Black Holes Suck.

        by Pi Li on Tue May 28, 2013 at 05:50:54 PM PDT

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        •  A name is not a political belief (1+ / 0-)
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          MissTrial

          If you want to claim that they were singled out for their political beliefs, that is one thing. But it is not the case here.  They were singled out for their names--which they chose, and which clearly conveyed that they were likely to be engaging in electoral politics, thus warranting heightened scrutiny to determine if such activiity was their primary activity.

          And again, I reserve the right to exercise my judgment--so I don't really care what the ACLU said.

          Your analogies are flawed.  The correct analogy is whether a traffic stop would be justified  of a car with a bumper sticker that says "Hey officer--there is a greater than 80% chance that there's a brick of hashish in my trunk."

          Sorry, but it ain't profiling to take a close look at a group that advertises by its name its natue.

          "Well, I'm sure I'd feel much worse if I weren't under such heavy sedation..."--David St. Hubbins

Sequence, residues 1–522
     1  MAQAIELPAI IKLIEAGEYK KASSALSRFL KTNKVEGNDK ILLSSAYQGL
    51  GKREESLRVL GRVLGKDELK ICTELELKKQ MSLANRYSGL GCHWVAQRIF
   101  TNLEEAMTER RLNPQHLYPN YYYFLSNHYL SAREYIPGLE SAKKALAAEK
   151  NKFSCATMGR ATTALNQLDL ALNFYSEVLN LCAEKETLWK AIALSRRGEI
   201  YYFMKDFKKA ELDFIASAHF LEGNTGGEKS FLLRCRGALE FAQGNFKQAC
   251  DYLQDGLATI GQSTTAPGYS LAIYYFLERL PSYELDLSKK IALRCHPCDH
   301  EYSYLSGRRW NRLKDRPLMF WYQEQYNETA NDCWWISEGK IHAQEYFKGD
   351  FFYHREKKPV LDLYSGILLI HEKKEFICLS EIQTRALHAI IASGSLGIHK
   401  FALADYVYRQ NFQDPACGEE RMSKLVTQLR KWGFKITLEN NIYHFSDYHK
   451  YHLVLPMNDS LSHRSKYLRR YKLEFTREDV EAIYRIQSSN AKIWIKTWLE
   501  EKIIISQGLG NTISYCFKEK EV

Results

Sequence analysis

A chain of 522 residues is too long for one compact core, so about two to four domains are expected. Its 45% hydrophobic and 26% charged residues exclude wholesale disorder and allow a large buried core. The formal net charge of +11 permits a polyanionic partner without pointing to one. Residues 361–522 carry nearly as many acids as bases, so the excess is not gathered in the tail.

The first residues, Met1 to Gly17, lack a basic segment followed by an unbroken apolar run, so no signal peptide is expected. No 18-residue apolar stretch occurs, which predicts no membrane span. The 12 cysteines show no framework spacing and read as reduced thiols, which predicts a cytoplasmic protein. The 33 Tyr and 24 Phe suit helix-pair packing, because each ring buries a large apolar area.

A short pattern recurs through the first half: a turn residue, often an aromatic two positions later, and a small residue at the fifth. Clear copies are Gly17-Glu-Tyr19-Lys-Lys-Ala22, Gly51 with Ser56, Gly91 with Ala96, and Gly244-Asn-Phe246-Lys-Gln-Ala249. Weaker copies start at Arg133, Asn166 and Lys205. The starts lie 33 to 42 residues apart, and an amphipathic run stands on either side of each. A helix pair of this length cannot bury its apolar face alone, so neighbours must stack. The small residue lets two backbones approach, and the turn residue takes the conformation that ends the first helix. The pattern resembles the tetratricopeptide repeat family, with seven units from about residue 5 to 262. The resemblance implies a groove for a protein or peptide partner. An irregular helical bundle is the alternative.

by Old Left Good Left on Tue May 28, 2013 at 06:04:27 PM PDT

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          •  Fair enough (0+ / 0-)

            Disagreeing and exercising your own judgement on this matter is certainly your right.

            Black Holes Suck.

            by Pi Li on Tue May 28, 2013 at 06:07:16 PM PDT

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          •  And BTW (1+ / 0-)
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            lgmcp

            Your bumper sticker analogy is incorrect. The groups in question were singled out because they had words like "Tea Party" and "Patriot" in them...not "Re-Elect Michelle Bachman".

            A more apt analogy, re: the bumper sticker, would be a bumper sticker that said "Legalise Pot Now." I'm assuming you don't think such a sticker would warrant that car being stopped.

            Black Holes Suck.

            by Pi Li on Tue May 28, 2013 at 06:09:53 PM PDT

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            •  Nope (0+ / 0-)

              The IG report, for example, concluded that more than 80% of the Tea Party groups applying for 501(c)(4) status warranted additional scrutiny.  So try reading my comment again.

              "Well, I'm sure I'd feel much worse if I weren't under such heavy sedation..."--David St. Hubbins

              by Old Left Good Left on Tue May 28, 2013 at 06:54:40 PM PDT

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              •  Again, missing the point (0+ / 0-)

                It's interesting that you quote the IG's report for your own ends, but ignore the conclusions of the report. It's not question of whether it was discovered that they warranted additional scrutiny. It's about the criteria they used to flag these groups in the first place. What's so hard to understand about this?